Playing a team-first role in support of LeBron James and Dwyane Wade, Bosh's scoring average of 16.7 points is his lowest output since his rookie season. The 6.7 rebounds that Bosh is collecting are also a career low.
Measuring his impact by only these numbers, however, dismisses the value Bosh provides in terms of spacing and balance for the Heat's collective attack offensively.
Despite scoring almost three fewer points than the 19.5 he's averaged for his career, Bosh is still shooting better than ever at 53.2 percent from the field in 2012-13.
He is an All-Star presence capable of scoring out of the pick-and-roll or post-up position, along with being able to create for himself on the perimeter.
But even if he's not actually scoring on a particular play, Bosh is respected around the league for possessing this unique skill set. Heading into the playoffs, he will continue to use that defensive attention to create optimal spacing for James and Wade.
Below are two examples of how Bosh provides this type of value specifically without even touching the basketball.
Bosh creates isolation for James on game-winning drive against Orlando Magic
With 11 seconds remaining against the Orlando Magic—and the Miami Heat trailing by one—Chris Bosh set a ball-screen for LeBron James at the three-point line.
Bosh's defender initially shows help on the James drive at the point of attack. As Bosh rolls to the basket, however, his defender vacates the help-side position to go with Bosh.
Out of respect for his point-blank ability around the basket, the Magic defender never leaves Bosh.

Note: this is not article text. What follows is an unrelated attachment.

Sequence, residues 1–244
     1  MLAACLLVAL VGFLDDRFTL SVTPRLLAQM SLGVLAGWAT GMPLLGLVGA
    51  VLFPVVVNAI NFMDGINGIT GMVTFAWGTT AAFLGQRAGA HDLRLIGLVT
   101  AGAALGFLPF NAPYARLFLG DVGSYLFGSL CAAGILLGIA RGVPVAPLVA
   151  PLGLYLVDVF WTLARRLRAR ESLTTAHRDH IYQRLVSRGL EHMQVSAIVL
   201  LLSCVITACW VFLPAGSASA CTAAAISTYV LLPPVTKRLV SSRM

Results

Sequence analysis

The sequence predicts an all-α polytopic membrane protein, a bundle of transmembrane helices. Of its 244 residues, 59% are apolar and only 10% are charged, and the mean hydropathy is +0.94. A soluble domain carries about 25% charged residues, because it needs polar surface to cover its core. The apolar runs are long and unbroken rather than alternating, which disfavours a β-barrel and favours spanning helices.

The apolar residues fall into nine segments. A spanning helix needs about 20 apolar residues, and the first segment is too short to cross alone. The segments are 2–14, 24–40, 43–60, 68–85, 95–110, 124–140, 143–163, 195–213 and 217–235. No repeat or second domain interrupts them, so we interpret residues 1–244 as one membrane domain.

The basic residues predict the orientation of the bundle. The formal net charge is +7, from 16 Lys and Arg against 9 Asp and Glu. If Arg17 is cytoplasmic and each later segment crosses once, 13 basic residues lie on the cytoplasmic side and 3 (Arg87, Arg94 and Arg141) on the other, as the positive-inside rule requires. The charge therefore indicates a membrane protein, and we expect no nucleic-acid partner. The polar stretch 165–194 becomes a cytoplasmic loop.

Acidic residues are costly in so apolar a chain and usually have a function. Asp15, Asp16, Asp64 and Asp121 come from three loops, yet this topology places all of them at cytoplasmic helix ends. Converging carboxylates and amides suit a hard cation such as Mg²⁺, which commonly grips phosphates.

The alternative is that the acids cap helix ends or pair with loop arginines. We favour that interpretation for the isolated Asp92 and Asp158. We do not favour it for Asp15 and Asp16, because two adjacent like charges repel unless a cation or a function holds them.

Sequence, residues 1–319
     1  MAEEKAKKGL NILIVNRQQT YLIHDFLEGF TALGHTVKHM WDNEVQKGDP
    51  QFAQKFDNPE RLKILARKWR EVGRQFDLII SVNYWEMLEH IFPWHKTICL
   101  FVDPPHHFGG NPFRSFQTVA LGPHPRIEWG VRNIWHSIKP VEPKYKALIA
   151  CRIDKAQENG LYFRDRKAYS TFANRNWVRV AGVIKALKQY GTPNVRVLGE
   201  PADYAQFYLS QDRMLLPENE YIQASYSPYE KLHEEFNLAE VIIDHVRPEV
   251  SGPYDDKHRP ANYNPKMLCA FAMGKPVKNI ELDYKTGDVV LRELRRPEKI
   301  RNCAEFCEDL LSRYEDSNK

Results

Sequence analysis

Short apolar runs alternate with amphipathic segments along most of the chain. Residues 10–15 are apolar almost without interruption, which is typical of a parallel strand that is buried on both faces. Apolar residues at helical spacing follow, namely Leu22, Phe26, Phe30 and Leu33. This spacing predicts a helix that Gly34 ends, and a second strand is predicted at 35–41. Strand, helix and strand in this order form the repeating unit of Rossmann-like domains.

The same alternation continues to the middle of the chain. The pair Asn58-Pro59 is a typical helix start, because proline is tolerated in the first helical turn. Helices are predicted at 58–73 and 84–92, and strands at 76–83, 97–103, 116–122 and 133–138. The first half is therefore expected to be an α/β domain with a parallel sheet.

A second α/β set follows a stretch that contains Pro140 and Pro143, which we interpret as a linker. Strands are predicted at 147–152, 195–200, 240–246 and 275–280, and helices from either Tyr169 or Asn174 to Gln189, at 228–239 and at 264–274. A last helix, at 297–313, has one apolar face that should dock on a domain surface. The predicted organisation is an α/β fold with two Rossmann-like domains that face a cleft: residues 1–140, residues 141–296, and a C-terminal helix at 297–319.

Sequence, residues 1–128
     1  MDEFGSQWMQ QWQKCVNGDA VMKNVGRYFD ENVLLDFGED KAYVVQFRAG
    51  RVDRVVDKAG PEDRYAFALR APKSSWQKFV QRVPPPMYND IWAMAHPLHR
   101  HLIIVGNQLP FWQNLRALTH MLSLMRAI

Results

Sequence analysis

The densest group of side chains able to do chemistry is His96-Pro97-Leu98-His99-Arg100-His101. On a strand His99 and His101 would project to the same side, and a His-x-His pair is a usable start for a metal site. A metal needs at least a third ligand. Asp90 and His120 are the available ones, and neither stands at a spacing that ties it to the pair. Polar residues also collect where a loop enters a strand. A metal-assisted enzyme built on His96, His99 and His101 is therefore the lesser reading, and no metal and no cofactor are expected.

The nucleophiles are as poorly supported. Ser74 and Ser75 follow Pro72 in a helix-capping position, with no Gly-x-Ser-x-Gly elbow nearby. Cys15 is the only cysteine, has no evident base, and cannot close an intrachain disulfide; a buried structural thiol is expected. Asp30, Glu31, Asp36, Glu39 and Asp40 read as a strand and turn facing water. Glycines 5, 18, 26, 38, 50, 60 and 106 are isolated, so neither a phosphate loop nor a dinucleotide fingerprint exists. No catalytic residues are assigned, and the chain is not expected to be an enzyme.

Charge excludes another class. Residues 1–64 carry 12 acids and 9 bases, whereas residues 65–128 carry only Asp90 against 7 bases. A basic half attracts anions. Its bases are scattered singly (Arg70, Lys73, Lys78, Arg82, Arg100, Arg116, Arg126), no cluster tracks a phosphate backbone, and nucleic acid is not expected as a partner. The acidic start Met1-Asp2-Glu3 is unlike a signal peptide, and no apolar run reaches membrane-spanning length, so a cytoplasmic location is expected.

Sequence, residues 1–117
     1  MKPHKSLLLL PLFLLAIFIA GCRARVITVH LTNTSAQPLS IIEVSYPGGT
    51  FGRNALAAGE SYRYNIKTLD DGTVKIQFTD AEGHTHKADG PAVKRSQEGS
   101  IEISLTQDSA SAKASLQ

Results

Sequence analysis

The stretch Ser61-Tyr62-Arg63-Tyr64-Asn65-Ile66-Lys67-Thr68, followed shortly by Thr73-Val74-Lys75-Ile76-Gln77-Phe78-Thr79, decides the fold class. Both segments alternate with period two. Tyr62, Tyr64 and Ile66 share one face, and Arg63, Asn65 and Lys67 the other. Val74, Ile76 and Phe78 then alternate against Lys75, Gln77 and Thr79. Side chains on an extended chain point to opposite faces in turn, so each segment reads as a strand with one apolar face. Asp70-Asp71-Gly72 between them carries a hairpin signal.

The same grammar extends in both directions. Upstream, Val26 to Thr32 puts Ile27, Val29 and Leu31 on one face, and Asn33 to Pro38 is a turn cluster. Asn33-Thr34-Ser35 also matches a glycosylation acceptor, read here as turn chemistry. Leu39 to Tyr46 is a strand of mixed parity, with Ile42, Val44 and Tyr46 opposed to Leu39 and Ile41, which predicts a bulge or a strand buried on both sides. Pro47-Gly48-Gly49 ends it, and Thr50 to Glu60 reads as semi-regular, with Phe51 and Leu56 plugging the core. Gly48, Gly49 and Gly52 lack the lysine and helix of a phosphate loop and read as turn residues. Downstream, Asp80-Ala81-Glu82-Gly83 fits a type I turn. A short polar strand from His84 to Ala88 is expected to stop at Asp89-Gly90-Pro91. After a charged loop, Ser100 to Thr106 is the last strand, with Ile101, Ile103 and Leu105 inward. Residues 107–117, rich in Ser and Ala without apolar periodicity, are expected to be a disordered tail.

The net result is an isolation play for James that he cashes in to win the game. The following still shots break this example down even further.
The defensive unwillingness to double-team an NBA MVP
If this is Ryan Hollins setting the screen up top, for example, he will be allowed the free roll to the basket.
Unfortunately for the Magic, however, the person setting this screen is shooting a career-best 74.8 percent on field-goal attempts at the rim this season, according to Hoopdata.com.
It's an automatic basket when Bosh catches it that close to the hoop, and defenses are forced to adjust. In this case, they did so by sticking with Bosh on the roll and taking their chances on the James drive.
Bosh creates an incredible amount of spacing for James as defender never leaves him
LeBron has been spectacular from wire to wire. He's improved in every way imaginable after winning his first championship in 2012 and will continue to hit game-winners like this in the postseason.
In saying as much, however, it's also worth noting that James wasn't getting looks like this when he played on the Cleveland Cavaliers with Drew Gooden.
Where interior defenders were once willing to leave their man to help on the James drive—especially with the game on the line—Bosh's presence now forces defenses to think twice before doing the same.
Tyson Chandler stays with Bosh instead of helping on the Dwyane Wade post-up
On this particular play, Dwyane Wade is being guarded by Jason Kidd of the New York Knicks.
The same Jason Kidd who just turned 40 years old in March.
Wade receives the basketball in the post-up position, goes to work on Kidd, and scores points No. 19 and 20 on the night.
The next closest defender to the play was Tyson Chandler—assigned to Bosh on the opposite block—who never stepped over to help.
Chandler knows that if he helps on Wade, an even easier scoring opportunity is created
Tyson Chandler is the reigning Defensive Player of the Year. He knows what he's doing in defense of the basket.
On this particular play, Chandler knows that if he steps over to help his teammate defend Wade, all he'll really do is leave Chris Bosh wide open on the block.
Wade realizes this too and allows Chandler to make his decision for him. If Chandler steps over, he'll dump it down to Bosh. If he doesn't help, he'll score over Kidd.
But while those two points inevitably went into the box score exclusively under Wade's name, Bosh's presence had everything to do with the opportunity he helped create.